However, the design of the eye trackers has excluded certain sports and sectors from using the technology to its full potential due to the restrictions caused by protective headwear.
That is, until now. Two new versions of Tobii Pro Glasses 2 have been developed to fit easily under helmets and safety accessories, allowing athletes, industrial workers and other professionals to participate in eye tracking research. By moving the processor box below the temple the Helmet edition facilitates the use of most safety equipment while the Integration edition can be purpose fitted to most headwear thanks to it’s reduced frame and movable processor box.
Expanding the benefits of eye tracking for sports research
As sports become increasingly more competitive, athletes need to stay ahead of the game. To do so, many coaches are opting to make cutting edge technologies like eye tracking an integral part of their evaluation and training programs.
The beauty of eye tracking is that it reveals methods and techniques which occur instinctively or too quickly to be observed. Basketball, golf, and tennis are just a few of the sports utilizing wearable eye trackers to compare the visual strategies of experts and novices in a bid to identify the best techniques and fine-tune strategies.
William Rahm, a goalie coach with the Swedish Hockey League, is using eye tracking glasses to train his goalies. According to him, one of the greatest challenges as a coach is being able to understand what a player sees on the ice. Being able to watch in real-time how a goalie tracks the puck with their eyes and scans the ice during a game will help him expedite training and translate subconscious actions into, teachable strategies.
The new editions of these wearable eye trackers open up increased possibilities for this growing area of eye tracking research in sports.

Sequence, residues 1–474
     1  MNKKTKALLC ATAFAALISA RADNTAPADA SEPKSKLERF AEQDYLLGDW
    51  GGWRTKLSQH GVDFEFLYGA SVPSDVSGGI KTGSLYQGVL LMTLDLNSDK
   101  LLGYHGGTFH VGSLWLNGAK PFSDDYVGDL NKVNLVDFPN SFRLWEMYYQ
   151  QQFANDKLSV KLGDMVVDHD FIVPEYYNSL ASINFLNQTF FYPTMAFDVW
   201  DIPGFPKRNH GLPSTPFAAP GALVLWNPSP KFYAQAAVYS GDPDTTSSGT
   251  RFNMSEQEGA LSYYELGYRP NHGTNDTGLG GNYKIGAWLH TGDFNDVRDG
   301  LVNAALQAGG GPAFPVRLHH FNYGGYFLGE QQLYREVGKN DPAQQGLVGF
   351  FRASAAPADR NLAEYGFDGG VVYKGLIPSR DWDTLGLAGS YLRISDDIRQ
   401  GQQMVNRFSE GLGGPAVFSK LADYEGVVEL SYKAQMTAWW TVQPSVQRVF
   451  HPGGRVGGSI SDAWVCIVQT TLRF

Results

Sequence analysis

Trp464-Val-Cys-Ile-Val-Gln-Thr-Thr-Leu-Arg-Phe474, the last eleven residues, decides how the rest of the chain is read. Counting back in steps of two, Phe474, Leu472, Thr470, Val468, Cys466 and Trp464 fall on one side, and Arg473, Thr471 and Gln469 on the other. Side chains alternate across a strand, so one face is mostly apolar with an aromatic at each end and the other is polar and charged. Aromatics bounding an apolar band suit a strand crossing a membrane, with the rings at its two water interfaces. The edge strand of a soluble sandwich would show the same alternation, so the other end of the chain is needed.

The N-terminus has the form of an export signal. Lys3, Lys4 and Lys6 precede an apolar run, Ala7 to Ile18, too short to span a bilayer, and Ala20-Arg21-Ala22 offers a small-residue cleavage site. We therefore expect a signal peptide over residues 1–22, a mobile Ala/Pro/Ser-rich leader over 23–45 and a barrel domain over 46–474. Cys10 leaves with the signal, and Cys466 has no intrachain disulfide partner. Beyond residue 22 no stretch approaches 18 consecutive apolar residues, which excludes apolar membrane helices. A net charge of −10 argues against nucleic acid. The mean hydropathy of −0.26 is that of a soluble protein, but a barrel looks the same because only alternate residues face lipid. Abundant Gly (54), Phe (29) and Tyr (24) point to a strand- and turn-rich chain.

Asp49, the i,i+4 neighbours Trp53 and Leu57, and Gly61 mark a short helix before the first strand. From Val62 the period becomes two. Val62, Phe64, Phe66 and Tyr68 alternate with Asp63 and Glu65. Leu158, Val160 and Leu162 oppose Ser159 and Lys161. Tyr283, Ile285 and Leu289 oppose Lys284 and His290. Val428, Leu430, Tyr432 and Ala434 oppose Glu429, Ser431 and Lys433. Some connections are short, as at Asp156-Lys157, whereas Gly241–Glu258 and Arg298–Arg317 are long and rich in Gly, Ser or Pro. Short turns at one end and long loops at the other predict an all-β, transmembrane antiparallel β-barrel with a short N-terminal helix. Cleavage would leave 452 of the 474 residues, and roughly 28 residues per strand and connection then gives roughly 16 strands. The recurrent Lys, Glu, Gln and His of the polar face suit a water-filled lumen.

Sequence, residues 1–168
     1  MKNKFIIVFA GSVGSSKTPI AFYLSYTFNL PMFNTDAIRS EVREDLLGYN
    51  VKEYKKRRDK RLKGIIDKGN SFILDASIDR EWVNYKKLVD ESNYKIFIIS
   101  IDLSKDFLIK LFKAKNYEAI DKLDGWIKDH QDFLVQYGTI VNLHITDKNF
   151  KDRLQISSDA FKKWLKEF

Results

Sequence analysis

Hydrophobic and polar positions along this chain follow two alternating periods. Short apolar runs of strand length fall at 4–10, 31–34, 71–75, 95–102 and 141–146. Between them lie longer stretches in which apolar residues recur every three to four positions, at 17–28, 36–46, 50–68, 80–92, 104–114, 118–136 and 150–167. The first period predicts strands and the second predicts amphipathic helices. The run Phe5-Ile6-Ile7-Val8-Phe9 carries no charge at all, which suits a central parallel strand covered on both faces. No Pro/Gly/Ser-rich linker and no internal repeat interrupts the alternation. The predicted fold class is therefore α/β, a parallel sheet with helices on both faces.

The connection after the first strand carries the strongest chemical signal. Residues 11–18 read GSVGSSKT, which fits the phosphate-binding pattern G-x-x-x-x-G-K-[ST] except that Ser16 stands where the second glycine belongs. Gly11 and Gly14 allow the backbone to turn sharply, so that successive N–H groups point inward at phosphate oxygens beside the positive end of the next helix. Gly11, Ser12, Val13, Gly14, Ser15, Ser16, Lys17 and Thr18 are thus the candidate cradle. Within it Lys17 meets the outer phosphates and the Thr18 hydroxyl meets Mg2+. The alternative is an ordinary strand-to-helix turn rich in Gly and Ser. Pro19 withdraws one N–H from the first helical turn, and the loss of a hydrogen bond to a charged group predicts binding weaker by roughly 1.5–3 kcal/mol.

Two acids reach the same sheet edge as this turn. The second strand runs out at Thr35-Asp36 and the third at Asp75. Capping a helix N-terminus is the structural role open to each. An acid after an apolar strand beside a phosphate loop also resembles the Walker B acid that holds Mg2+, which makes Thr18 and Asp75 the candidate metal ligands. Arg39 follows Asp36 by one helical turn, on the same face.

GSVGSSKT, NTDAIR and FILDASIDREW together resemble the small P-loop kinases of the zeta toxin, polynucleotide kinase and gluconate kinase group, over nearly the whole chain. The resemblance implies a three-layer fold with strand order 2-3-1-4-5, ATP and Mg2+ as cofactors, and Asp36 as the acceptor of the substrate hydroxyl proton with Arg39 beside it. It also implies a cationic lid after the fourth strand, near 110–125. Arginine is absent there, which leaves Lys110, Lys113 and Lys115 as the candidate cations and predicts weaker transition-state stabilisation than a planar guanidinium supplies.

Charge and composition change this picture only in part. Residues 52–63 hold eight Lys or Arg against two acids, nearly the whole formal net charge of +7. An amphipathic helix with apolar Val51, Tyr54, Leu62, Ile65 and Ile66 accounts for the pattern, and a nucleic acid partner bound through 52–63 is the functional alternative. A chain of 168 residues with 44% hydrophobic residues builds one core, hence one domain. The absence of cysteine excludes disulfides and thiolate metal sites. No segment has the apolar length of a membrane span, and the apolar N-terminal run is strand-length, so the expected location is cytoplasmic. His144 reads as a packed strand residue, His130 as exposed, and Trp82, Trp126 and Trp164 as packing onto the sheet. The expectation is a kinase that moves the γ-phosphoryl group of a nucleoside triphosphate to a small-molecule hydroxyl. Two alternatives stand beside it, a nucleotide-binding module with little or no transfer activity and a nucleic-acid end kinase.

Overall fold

Design improvements are delivering increased research opportunities across a range of sports like cricket, American football, and baseball as headgear limitations are greatly reduced or removed.
Improving safety in the workplace with eye tracking
Changes to the physical specifications of wearable eye trackers is also increasing the applications of their use to improve workplace safety. By seeing operations through the eyes of workers, management can gain greater insight into inefficient processes, distractions and unsafe conditions.
This is an important area for all. The University of Nebraska used wearable eye trackers to investigate the nature of human error on construction sites and their underlying causes. Their findings, about the importance of situational awareness, yielded a reliable model for predicting human error and preventing subsequent injuries on construction sites. This model can be used by safety managers to identify at-risk workers and prevent potentially fatal situations, which is of particular relevance to those in the sectors like mining and manufacturing.
There’s an increased scope for eye tracking research which is accompanied by other measures of human behavior. Through its recent integration with Qualisys, a provider of motion capture technology, it’s possible to access combined real-time output of both eye tracking and motion data. This provides essential information needed to further improve sports performance, diagnose visual-motor disorders, and much more.